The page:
PLAYING THE FIELD. One of the biggest challenges Hanson encounters with custom strip-till is dealing with 20 to 25 different soil types he strip-tills into each year.
Photo Courtesy of Joey Hanson

This is a lesson Hanson learned last year running his 12-row Thurston Mfg./Blu-Jet Legacy strip-till rig with a 9-ton Montag twin-bin fertilizer cart. Particularly wet conditions last fall made it difficult to get fall strips built in heavy clay soils, and Hanson’s rig paid the price.

“I did one 100-acre field for a customer last fall and broke 25 shear bolts. It was a nightmare,” Hanson says. “The strips ended up turning out fine, but what I learned is that when I’d leave one location for another 3 miles down the road, the soil conditions changed, but I didn’t account for that with my rig.”

Going into last fall, Hanson says he was pretty confident on the first few hundred acres that he had the perfect machine. About 1,000 acres in, he realized he didn’t and needed to make some changes to cover acres in a timely manner each year. He recently changed out a heavy, wavy coulter on the row units for a slightly fluted coulter, which is thinner and less aggressive to pull.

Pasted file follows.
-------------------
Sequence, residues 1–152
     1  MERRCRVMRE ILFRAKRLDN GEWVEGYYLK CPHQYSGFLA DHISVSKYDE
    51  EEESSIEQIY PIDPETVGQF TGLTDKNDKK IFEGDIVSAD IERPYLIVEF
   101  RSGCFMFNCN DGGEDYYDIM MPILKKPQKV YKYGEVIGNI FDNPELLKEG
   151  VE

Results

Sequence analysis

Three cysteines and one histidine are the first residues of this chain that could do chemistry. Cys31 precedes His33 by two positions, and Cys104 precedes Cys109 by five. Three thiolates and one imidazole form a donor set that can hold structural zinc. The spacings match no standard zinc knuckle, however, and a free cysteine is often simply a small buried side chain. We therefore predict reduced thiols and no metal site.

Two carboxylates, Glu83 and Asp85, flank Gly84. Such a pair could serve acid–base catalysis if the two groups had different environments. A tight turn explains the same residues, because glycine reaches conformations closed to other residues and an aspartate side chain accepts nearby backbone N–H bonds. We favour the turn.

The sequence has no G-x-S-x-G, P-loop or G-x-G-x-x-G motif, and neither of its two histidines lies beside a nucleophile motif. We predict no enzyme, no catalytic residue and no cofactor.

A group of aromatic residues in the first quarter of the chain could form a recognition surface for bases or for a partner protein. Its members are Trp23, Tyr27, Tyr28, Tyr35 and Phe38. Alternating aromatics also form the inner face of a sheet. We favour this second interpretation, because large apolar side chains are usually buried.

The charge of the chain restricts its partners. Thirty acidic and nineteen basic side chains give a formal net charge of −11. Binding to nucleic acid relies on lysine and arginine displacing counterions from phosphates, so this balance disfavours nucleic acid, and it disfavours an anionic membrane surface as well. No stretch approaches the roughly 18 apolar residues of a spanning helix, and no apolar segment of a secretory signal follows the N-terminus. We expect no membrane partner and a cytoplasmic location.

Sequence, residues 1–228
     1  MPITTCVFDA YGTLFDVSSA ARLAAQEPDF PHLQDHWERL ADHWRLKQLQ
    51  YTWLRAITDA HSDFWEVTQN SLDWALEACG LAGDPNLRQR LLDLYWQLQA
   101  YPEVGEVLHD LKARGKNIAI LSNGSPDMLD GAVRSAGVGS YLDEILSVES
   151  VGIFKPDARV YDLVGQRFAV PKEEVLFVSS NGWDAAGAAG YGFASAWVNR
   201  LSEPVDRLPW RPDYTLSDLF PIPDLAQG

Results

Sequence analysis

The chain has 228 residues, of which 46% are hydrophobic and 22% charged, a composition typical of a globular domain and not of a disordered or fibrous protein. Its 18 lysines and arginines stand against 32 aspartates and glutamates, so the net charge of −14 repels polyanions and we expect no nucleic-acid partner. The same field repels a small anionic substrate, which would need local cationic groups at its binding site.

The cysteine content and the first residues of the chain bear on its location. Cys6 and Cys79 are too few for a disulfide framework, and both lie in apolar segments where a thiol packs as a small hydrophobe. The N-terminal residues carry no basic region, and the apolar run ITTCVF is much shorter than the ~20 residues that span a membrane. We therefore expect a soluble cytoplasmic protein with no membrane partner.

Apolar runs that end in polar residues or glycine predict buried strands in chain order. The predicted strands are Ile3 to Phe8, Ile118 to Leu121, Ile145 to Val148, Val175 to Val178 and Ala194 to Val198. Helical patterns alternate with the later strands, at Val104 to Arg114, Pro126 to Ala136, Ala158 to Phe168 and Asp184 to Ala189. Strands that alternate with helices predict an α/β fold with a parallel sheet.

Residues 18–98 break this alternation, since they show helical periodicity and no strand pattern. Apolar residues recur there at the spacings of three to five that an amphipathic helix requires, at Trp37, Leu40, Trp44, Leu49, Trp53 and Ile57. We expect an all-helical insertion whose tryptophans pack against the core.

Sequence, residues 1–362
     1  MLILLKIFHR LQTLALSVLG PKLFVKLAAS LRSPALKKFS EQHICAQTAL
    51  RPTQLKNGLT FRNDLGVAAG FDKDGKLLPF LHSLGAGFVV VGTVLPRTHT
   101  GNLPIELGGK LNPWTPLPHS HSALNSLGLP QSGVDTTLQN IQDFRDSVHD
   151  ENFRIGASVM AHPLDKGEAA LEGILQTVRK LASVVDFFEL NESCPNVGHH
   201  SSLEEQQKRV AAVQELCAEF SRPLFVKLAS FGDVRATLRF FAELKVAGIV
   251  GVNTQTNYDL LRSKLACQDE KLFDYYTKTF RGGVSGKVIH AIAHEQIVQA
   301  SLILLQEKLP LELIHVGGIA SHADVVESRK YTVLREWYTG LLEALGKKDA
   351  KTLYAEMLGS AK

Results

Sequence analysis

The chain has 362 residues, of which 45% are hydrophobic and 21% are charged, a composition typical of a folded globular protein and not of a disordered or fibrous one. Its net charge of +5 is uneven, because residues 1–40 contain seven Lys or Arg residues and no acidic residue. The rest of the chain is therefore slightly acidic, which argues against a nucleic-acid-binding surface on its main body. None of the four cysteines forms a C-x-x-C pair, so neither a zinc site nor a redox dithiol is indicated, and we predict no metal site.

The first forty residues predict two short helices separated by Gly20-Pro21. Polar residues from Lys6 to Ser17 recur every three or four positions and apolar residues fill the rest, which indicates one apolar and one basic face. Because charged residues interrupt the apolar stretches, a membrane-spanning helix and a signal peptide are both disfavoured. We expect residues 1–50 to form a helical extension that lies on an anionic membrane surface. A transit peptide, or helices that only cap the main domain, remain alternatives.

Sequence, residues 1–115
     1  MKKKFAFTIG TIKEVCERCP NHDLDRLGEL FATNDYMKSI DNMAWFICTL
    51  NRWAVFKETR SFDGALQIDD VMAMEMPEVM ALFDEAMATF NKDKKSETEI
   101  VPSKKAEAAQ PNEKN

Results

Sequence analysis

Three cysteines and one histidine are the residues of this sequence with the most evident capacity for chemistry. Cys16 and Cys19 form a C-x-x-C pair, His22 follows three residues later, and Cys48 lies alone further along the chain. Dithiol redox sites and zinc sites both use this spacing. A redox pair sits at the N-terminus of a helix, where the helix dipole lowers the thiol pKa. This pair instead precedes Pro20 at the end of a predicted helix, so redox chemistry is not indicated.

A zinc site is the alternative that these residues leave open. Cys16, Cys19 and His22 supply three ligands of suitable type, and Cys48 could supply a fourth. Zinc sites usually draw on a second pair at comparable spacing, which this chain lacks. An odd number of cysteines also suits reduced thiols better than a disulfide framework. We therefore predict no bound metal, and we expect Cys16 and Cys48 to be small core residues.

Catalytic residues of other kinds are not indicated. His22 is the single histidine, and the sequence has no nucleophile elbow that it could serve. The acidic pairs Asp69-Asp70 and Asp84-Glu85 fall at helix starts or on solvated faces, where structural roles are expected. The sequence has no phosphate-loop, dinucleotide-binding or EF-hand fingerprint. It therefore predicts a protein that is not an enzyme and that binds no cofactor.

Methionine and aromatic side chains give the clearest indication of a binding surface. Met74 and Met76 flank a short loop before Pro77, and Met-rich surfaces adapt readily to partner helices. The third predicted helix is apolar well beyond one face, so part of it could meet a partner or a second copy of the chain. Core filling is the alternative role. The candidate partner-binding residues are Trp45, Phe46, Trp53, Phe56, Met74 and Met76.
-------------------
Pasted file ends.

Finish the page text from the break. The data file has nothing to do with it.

“It’s still a 20-inch coulter, but the difference is in the thickness,” Hanson says. “The wavy coulter flared out about 3 inches, where as now, there’s maybe a half-inch width on the flutes, which gives me more flexibility in changing field conditions.”

Hanson also changed out all of the knives on his row units to prevent drift in the machine. It’s not something farmers may think of doing on a 12-row, 30-foot rig, but Hanson says he was starting to notice some drift and wanted even wear on all of the knives.

“Building that nice strip with a raised berm, and an ideal seedbed to plant into for customers, is the objective,” he says. “This year, it’s been nice to see the consistency of the strip-till emergence. As long as I adapt to conditions I’m going into on a year-by-year or even field-by-field basis, I think I’ll be successful.”